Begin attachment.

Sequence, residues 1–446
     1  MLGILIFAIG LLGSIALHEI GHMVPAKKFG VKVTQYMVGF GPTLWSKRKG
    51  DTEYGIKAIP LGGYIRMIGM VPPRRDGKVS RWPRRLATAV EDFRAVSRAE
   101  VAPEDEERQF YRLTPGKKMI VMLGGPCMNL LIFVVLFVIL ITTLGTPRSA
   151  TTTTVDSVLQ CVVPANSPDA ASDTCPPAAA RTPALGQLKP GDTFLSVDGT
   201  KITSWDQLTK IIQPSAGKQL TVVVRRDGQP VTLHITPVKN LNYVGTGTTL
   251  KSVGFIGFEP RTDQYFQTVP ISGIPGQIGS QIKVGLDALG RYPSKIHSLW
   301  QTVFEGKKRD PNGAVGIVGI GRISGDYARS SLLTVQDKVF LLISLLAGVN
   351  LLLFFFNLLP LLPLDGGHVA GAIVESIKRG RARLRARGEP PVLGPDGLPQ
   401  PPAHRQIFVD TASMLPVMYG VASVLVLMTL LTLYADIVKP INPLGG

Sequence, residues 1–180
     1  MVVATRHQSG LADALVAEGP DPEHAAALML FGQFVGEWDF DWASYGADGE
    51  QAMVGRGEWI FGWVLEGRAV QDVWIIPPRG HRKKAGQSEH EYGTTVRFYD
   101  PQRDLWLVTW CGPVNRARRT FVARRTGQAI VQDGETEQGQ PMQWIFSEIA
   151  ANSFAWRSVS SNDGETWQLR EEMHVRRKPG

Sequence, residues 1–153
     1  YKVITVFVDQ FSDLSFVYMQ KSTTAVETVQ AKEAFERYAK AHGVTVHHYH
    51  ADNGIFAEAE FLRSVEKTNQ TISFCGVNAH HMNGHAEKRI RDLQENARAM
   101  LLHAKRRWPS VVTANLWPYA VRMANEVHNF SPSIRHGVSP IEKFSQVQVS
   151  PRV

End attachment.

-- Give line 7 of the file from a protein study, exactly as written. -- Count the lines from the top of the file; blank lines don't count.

   251  KSVGFIGFEP RTDQYFQTVP ISGIPGQIGS QIKVGLDALG RYPSKIHSLW